"Batten the hatches limeys. Post response ahoy!"
I have read it in a article on legal and health issues concerning rental property in Germany regarding mold growth on walls, and how to prevent mold growth.
I have seen houses and apartments with heavy mold growth on walls in Europe. Some of them came through leaks in walls and windows, others simply from rooms not having been aired enough. If mold grows on walls, it can also quite easily grow on tea. As we have read about on numerous occasions, such as right now from solitude.
It is entirely up to anyone to ignore pumidor experiences such of the one of solitude here - i personally would not want to go through this.
*Solitude stored their tea in a separate building. This is not the norm.
Here are the first two links i found when briefly googling "mold and poison":http://www.cdc.gov/mold/stachy.htm
* What are you trying to prove with these links. I read them both and still do not understand. Are you simply trying to emphasize the danger of certain molds?
Or that too high humidity is a bad thing? http://home.howstuffworks.com/home-impr
Basically - with the use of pumidors we are dealing with too many unknown factors since pumidors are a rather recent invention to artificially increase the aging process of Pu Erh by trying to copy climates of geographic locations in which Pu Erh has aged well naturally. Yet we have no scientific data, or long term empirical evidence of the effects such pumidors have on tea.
We have though numerous examples of how the use of pumidors went wrong, which at least shows us that it is a very risky undertaking.
*There are risks in all endeavors. Mitigating those risks is another matter. If one in these climates is to keep a sizable amount of pu for some time, they have not option.
Some climates in the US, for example, are definitely less than ideal to age Pu Erh. What i would suggest is that some of you may get together, and find a storage place in a better suited, more humid and hot climate in the US - such as Florida, share the expenses, and store your tea there together. Or that somebody who lives in such a location may rent out storage space for Pu Erh lovers who live in not so well suited locations.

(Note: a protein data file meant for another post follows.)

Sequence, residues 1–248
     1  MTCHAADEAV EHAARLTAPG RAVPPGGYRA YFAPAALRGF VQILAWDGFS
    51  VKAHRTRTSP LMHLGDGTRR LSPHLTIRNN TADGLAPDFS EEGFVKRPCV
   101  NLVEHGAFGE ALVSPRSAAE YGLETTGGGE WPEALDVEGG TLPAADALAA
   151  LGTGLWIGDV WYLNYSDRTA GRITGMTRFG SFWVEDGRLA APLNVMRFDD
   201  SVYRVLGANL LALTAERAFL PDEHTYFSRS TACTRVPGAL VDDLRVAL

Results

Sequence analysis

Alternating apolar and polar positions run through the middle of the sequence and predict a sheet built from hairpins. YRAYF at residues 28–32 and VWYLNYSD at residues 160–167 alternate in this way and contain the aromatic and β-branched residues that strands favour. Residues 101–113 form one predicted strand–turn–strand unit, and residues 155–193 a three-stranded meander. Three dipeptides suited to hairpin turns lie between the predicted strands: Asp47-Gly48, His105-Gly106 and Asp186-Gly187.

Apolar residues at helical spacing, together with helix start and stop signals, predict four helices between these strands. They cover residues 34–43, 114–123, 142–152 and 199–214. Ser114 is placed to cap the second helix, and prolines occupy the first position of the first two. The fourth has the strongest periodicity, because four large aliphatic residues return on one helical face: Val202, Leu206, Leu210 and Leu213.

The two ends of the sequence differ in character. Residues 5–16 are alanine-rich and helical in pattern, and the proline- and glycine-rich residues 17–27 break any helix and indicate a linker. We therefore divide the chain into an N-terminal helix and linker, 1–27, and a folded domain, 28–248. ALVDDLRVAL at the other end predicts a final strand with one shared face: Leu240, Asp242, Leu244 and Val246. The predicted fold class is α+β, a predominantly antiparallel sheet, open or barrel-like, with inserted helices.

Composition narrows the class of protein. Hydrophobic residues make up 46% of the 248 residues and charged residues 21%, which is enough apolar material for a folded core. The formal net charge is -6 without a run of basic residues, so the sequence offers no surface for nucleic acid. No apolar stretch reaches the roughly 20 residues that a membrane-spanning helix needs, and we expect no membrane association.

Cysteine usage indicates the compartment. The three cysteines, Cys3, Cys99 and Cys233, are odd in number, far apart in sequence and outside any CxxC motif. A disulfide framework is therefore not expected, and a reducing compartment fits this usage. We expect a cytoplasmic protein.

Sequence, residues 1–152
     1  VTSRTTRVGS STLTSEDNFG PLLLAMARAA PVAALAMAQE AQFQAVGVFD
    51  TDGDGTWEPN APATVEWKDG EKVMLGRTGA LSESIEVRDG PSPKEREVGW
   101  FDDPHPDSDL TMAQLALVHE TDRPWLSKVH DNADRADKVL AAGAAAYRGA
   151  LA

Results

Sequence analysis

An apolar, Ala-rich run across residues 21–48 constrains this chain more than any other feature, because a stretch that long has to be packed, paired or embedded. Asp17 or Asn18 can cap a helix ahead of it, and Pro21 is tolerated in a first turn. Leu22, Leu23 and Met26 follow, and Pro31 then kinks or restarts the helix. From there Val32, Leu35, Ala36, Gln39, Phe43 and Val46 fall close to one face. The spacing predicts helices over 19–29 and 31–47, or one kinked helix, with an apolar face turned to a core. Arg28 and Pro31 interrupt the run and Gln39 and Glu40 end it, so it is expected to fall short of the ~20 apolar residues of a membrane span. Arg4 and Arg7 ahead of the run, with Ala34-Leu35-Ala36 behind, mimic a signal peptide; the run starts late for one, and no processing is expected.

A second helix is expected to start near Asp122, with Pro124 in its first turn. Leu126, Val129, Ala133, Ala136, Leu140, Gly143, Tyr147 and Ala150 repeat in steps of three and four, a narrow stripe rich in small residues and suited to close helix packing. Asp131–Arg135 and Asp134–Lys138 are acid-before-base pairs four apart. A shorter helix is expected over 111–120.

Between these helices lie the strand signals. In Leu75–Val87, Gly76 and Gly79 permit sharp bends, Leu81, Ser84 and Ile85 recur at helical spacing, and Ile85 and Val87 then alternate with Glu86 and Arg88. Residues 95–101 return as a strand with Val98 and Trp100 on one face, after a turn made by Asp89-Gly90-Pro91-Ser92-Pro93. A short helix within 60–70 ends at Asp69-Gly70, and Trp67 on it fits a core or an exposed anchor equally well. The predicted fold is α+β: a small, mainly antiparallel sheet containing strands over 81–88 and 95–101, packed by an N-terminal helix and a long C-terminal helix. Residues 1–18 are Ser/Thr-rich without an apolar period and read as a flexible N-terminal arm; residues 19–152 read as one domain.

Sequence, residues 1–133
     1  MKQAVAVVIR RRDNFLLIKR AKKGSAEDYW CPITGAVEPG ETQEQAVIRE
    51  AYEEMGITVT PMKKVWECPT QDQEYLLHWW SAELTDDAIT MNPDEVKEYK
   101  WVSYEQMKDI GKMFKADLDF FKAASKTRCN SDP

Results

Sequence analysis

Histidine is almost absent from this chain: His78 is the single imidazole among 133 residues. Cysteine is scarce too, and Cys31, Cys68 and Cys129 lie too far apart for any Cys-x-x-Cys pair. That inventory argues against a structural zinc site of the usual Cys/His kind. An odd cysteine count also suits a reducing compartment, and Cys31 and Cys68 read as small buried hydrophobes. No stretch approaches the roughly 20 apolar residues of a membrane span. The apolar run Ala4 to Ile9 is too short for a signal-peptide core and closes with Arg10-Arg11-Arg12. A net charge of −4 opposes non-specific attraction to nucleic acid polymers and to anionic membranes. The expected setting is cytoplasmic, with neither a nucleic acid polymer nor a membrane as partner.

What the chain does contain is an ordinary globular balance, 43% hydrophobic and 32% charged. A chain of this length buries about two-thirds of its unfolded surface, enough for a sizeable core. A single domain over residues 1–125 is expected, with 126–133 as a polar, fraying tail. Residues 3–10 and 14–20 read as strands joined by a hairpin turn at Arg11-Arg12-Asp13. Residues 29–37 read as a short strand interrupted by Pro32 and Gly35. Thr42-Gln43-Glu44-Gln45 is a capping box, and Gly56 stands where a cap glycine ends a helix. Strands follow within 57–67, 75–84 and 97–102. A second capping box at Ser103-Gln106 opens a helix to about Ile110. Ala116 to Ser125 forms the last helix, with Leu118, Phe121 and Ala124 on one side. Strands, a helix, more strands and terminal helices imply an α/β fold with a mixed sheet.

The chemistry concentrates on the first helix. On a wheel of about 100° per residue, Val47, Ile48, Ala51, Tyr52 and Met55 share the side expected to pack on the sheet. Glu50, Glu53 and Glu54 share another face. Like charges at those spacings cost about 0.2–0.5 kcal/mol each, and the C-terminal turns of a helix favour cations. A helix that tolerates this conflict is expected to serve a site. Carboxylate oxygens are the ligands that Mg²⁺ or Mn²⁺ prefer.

* If I could, I would send it to Hong Kong to age.
I have heard that in Malaysia there are storehouses in which Pu Erh aficionados can rent space to store their tea long term. Would that not be something that you can do in the US?
*I think there are not enough people to make this practical. Who is going to check-in on cakes? Rotate them? A shame, but it is unlikely to happen. If I could, I would send them to Veracruz. I seems a climate good for cigars is a climate good for pu.
*There are about 100 bings in my basement in a plastic tub. This will be the second year they have been stored at about 72% humidity. Once we get a nice rainy day, I am going to give them an "airing out." Then I will let you know how much mold they have.
*The first link you provided gives the following advice:
*"If you have mold in your home, your nose is one of the most inexpensive devises you can use to detect it." Your point about mold growing on walls is a bit flawed. The reason for the pumidor is the lack of humidity. Many rooms/ basements in the winter have the opposite problem. Usually there is some sort of home heating system that dries out the basement. It is a whole other issue if one has a leaky basement. I highly doubt you will find many TC'ers willingly storing their tea in moldy basements!
One of the guilty pleasures I have found of having this storage system is enjoying the incredible smell. Our local museum curator of Chinese art came over for tea last month. Her aunt runs a tea warehouse in Hong Kong. Just as she poked her nose in the pumidor and took a whiff, she exclaimed, "This smells just like my aunts warehouse!" Now hopefully her aunt did not have a warehouse full of moldy tea. My guess is she does not!